The severity of any future recession is important. Recession conjures up memories of the Great Financial Crisis of 2007-8 and the pandemic recession of 2020. As the two most recent recessions, that’s understandable. Remember though, those were both unusually severe recessions. So even if a recession is on the horizon, it may not be quite so disruptive as the two most recent ones.

Lastly, as of right now, the key metric of three-month yields hasn’t inverted below the 10-year yield. Many suspect that is the most robust recession flag. There’s still some hope we could dodge the bullet. However, if the Fed remain on their current aggressive rate trajectory, we may see that invert in later this year.

Simon is the author of Digital Wealth and Strategic Project Portfolio Management. He has previously served as Chief Investment Officer at Moola

Source: How The Yield Curve Forecasts Recession Risks

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Inflation May Get Much Worse This Summer and Could Linger Many Years

Economists at Goldman Sachs hiked their inflation projections this weekend and warned clients that recent strong price spikes seem similar to those that preceded record inflation decades ago, joining other experts in forecasting inflation will last longer than previously expected.

In a note to clients Sunday night, Goldman economists said they expect consumer prices to rise more quickly later this summer as transportation and health insurance costs continue to surge, pushing core inflation, which excludes volatile food and energy prices, from 6% in May to 6.3% in September.

Goldman expects health insurance and automobile prices—two of the largest contributors to inflation during the pandemic—should start “outright” falling by the end of this year as Covid-era growth begins to subside, pushing core inflation down to 5.5% at year-end and 2.4% in December 2023.

However, the economists also acknowledge core inflation has vastly outperformed expert projections this year, consistently rising more than expected over the last six months.

They note the surprise readings are beginning to rival those seen in the 1960s and 1970s—when long-lasting price spikes of more than 10% (solidly higher than the latest reading of 8.6% in May) contributed to prolonged periods of weak economic growth and sparked a decade of lackluster stock-market returns.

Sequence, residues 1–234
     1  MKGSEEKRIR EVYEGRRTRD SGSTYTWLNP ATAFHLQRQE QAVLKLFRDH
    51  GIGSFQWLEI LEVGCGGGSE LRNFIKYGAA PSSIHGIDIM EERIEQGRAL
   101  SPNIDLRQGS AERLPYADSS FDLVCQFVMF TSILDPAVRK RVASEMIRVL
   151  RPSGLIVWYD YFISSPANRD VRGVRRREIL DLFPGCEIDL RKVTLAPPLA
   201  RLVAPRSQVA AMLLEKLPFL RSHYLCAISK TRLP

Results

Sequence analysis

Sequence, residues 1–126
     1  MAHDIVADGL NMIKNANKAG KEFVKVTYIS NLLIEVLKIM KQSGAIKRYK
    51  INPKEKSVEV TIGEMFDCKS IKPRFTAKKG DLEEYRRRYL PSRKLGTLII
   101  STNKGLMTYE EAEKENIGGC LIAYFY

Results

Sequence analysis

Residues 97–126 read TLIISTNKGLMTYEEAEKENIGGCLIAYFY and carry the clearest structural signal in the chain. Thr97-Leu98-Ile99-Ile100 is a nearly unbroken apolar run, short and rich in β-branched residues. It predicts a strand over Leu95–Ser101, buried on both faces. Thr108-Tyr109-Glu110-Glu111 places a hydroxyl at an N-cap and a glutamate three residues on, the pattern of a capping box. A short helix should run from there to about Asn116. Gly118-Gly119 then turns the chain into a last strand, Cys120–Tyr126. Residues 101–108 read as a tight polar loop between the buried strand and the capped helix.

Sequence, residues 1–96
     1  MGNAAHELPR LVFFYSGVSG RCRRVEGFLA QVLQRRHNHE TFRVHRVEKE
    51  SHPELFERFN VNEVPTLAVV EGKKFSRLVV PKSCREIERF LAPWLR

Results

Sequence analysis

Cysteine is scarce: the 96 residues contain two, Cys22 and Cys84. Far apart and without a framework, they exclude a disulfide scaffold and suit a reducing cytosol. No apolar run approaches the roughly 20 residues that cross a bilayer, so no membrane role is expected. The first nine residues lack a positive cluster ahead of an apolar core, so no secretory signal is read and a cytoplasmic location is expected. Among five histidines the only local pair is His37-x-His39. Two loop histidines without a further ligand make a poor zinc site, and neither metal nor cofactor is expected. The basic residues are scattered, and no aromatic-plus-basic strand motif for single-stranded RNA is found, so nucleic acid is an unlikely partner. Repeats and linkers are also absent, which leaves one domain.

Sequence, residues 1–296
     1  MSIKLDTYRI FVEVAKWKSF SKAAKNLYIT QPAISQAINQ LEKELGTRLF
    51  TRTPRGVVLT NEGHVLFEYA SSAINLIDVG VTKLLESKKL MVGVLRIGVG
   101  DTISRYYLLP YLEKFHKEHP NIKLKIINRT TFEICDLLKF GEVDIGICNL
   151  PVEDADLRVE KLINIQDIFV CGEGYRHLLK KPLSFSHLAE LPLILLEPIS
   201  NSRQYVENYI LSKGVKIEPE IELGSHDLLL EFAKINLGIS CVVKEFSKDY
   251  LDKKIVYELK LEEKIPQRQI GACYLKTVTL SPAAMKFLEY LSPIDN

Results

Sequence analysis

In a weekend note to clients, LPL Financial chief economist Jeffrey Roach was more bearish, saying the surge in travel-related demand is a “major concern” for inflation as housing, restaurant and accommodation prices reach new highs.

“Consumers may have to live in a world where inflation consistently runs hotter than the previous decade,” Roach said, citing concerns from central bankers like European Union’s Christine Lagarde, who last week warned there are “growing signs”—including the ongoing war in Ukraine—that suggest “supply shocks hitting the economy could linger for longer.”

“Policymakers must come to grips with a real possibility that inflation rates will not come down to their preferred targets for many years,” says Roach, adding the tight labor market is another uncertainty that could keep inflation above the Fed’s long-standing 2% target.

Inflation ran rampant in the 1970s as multiple energy crises pushed oil prices up as much as 400%, all while central bankers prioritized efforts to improve the labor market—even if it meant risking further price spikes. It wasn’t until Paul Volcker took office as Federal Reserve chairman in 1979 that the Fed pivoted to fight inflation, and though the efforts were ultimately successful, they also yielded a recession in 1982..

To help ease inflation, government is expected to possibly announce lower tariffs on certain Chinese goods, including clothing and school supplies, as soon as this week. However, some experts worry the move does nothing to address domestic supply chain issues driving up costs. The decision “probably won’t move the needle dramatically on inflation,” analyst Adam Crisafulli of Vital Knowledge Media said in a Monday email, though he says “aggressive” discounts set to start this month at major retailers like Walmart and Target could prove “far more important.”

The Fed’s inflation-fighting interest rate hikes this year have tanked stocks and sparked growing fears of a recession. Major stock indexes plunged into bear market territory last month ahead of the central bank’’s largest interest rate hike in 28 years, and the gloomy sentiment has ushered in waves of layoffs among recently booming technology and real estate companies.

“We don’t believe the Fed can stop the issues that are causing inflation on the supply side without absolutely wrecking the economy, but at this point, it looks like they are resigned to the fact that it must be done,” says Brett Ewing, chief market strategist of First Franklin Financial Services.

Source: Inflation May Get Much Worse This Summer—And Could Linger ‘Many Years’—Experts Warn

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Unemployment Will Rise And ‘Extreme’ Price Pressures Continue As Fed Hikes Risk Recession, S&P Warns

Get used to higher prices. Prices don’t drop when inflation eases. USA Today

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GST rate tweaks to push up inflation The Telegraph, Calcutta